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Home >Why Industry 4.0 is an evolution, not a revolution

Why Industry 4.0 is an evolution, not a revolution

15 February 2018

The phrase Industry 4.0 has proliferated across trade, business and national press in recent years, and is largely hailed as the next industrial 'revolution'. However, in the UK Industry 4.0 hasn’t been embraced as widely and as quickly in comparison to our European counterparts. Andrew Minturn, Business Development and Strategic Product Manager at Bosch Rexroth explores the barriers to implementation and offers practical advice on how best to approach Industry 4.0

There is currently a general understanding that Industry 4.0 refers to the “digitalisation” of a business’s infrastructure, but there has yet to be any consistent standards or definitions applied to what remains an arguably vague concept for businesses worldwide.

Yet, what is becoming clear is that Industry 4.0 will fundamentally define how a country such as the UK does business within the next five to ten years.

The difficulty lies in the UK’s understanding of what Industry 4.0 actually is. Even its epithet – the Fourth Industrial Revolution – is provoking serious debate, with many arguing that it is not a “revolution”, but a logical evolution from the implementation of electronics-led automation, which largely defined the third industrial revolution.

Industry 4.0 should be seen by manufacturers as an umbrella term for a toolkit of available technology

All manufacturing companies, whether large or small, are under constant pressure from their customers for their products to be better quality, lower cost and available quicker. Industry 4.0 should be seen by manufacturers as an umbrella term for a toolkit of available technology to enable them to deliver these customer requirements.

Barriers to Industry 4.0 implementation

Governments around the world are creating strategies and policies to encourage the adoption of digitalised manufacturing, from the USA’s Advanced Manufacturing Partnership, to Germany’s High-Tech Strategy 2020 Action Plan. The real indicator of Industry 4.0 success, however, is the rate at which individual companies embrace a digital, software-based framework as part of their own strategy. Despite the excitement and increased media coverage, this is progressing more slowly than hoped – especially in the UK.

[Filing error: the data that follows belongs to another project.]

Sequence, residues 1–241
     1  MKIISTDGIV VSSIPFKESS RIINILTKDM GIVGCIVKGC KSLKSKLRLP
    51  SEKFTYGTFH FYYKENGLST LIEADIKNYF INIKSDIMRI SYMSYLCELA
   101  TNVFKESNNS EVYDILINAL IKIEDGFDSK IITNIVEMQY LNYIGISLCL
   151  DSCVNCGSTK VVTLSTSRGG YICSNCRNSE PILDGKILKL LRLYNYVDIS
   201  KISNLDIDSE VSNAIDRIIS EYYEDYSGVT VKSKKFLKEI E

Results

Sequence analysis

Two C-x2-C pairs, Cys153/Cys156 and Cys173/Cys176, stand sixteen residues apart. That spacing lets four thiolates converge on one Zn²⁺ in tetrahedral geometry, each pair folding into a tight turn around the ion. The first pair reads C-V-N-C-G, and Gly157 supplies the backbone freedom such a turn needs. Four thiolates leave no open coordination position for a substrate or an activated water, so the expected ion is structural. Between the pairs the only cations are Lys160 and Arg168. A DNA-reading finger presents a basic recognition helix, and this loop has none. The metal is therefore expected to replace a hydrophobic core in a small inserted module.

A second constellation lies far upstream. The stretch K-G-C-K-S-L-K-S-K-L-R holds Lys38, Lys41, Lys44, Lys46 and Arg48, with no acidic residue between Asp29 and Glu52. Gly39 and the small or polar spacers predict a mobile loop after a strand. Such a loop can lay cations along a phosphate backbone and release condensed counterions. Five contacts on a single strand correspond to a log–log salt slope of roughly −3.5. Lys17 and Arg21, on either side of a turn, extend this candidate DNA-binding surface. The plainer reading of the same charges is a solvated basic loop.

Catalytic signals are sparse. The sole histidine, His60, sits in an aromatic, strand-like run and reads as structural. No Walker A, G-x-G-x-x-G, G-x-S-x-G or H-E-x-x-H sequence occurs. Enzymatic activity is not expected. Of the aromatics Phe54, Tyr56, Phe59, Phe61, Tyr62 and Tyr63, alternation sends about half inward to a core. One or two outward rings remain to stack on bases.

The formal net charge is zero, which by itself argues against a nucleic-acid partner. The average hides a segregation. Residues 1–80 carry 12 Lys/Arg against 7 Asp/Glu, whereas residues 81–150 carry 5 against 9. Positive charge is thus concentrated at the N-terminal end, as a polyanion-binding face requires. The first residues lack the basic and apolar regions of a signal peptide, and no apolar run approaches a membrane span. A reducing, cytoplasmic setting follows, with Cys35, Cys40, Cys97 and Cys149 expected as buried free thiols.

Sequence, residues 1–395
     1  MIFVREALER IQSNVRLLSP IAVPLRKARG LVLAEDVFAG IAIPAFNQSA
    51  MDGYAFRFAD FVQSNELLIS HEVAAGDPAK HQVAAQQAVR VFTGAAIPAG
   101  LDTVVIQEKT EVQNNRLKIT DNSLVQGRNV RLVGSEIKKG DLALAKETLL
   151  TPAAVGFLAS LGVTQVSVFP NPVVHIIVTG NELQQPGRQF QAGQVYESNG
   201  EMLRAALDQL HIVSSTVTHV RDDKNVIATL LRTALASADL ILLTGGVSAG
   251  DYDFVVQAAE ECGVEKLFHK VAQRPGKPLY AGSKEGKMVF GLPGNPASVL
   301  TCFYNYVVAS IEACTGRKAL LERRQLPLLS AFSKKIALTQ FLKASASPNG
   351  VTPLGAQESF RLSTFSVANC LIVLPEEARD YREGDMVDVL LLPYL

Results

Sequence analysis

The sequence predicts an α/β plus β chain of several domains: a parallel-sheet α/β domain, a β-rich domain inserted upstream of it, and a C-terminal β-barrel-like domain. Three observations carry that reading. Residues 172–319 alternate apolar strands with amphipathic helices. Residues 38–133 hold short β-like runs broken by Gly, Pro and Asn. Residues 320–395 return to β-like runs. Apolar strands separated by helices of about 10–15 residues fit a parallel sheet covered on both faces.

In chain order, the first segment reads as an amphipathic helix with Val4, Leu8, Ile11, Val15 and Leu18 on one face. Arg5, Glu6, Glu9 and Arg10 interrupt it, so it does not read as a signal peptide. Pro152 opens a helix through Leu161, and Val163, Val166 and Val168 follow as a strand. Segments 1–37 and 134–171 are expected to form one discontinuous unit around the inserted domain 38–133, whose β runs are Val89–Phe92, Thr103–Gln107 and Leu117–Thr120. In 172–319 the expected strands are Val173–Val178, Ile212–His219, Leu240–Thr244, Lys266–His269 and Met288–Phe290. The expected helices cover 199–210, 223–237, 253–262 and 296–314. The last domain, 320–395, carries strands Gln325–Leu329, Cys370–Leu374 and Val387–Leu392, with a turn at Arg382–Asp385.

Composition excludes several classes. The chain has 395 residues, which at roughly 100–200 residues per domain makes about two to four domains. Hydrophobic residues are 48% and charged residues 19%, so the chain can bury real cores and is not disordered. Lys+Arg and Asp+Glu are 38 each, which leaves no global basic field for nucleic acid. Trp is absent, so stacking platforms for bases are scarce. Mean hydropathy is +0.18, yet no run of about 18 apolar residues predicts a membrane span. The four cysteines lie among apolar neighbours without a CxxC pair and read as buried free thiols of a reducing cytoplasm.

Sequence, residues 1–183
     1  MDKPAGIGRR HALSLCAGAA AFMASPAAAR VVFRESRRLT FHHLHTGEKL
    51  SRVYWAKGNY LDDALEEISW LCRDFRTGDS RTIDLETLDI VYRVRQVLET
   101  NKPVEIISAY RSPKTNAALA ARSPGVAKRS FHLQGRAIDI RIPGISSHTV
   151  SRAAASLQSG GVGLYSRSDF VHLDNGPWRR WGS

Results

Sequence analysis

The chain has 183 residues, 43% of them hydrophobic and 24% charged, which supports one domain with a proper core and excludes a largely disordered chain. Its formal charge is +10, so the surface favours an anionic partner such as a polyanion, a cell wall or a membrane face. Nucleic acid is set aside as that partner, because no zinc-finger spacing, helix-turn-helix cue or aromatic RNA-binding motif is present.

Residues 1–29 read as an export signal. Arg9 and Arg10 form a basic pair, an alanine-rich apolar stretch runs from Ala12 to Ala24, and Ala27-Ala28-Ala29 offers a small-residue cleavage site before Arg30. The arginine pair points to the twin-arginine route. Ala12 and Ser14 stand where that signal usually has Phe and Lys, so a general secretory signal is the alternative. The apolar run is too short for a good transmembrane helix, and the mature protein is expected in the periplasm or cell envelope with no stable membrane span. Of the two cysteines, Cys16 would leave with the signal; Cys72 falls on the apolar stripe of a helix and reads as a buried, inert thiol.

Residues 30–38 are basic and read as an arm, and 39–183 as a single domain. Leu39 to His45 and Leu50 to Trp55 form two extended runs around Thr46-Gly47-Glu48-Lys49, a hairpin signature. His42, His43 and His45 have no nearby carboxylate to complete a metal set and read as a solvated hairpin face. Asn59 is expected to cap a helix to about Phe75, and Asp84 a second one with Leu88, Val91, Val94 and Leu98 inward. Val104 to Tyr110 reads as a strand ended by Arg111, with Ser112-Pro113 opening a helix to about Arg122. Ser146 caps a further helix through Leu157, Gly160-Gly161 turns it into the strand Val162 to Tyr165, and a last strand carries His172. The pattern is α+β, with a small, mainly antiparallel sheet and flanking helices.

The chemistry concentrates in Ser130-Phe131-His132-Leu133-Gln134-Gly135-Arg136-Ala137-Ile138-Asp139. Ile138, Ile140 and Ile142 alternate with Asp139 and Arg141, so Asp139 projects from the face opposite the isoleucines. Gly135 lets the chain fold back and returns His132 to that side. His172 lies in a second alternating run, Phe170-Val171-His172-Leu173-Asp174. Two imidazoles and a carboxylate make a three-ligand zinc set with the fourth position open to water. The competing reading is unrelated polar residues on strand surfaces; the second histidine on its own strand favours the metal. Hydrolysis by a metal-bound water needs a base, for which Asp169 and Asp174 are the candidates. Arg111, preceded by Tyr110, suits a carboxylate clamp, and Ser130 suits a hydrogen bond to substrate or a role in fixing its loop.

“The Big Bang”

The media hype around Industry 4.0 has certainly helped to disseminate the message across UK industry, but this has also created a sense of urgency and panic. It has also had the somewhat unintended effect of an all-or-nothing mentality among businesses, particularly SMEs.

A complete digital overhaul, no matter the size of the business, is an enormous task that would prove difficult for even the most resourced businesses to undertake. It is vital that businesses understand such an approach is unnecessary, and may actually be hampering any possibility of moving forwards with an Industry 4.0 strategy.


A concern for many will be the feasibility of scaling digital technologies to match that of their current operations. The suitability of one’s manufacturing environment to Industry 4.0 will certainly vary from business to business, but many manufacturers remain unaware that a range of technologies exist to support the digitalisation of their infrastructure, without the need to replace existing equipment.

The cost of implementation

Whether the business holds an “all-or-nothing” or “one-size-fits-all” mentality, cost will remain a primary concern. While several reports have highlighted a willingness in industry to invest, there remain some doubts over the affordability of certain Industry 4.0-based technologies, as well as the cost of training and/or hiring staff. Furthermore there is currently limited data available to demonstrate the return on investment of Industry 4.0.


It is important to remember that Industry 4.0 does not just refer to technologies within automation, cloud or Edge computing and data sharing. It also encapsulates organisational restructuring – moving from a physical to a digital infrastructure within a more collaborative, data-reliant environment.

This, therefore, requires each employee at an individual level to change their mindset and adopt one that is, not only open to change, but open to the concepts that Industry 4.0 embodies.

Step-by-step approach

The best way to implement Industry 4.0 is through a gradual process. This means prioritising the areas in which digitalisation would offer the most benefit, such as improving productivity or levels of quality and consistency.

A step-by-step approach is arguably the best way to implement and adopt digital manufacturing

A step-by-step approach is arguably the best way to implement and adopt digital manufacturing, enabling businesses to expand Industry 4.0 capabilities by building on its initial digitalised capabilities. The advantage being that the solid foundations of technology, infrastructure and skills can be laid, facilitating the final move into the so-called “Factory of the Future”.

As a useful guide to gradual adoption the following three-step approach for Industry 4.0 integration can be used:

- The implementation of sensors and controls;
- Enhancing the capabilities of these sensors;
- Full implementation, in which Industry 4.0 capabilities are rolled out at plant-level.

To download a full copy of the report, A practical roadmap for the implementation of Industry 4.0 and to find out more about how Bosch Rexroth can assist in your Industry 4.0 journey, please visit: http://bit.ly/Industry40WP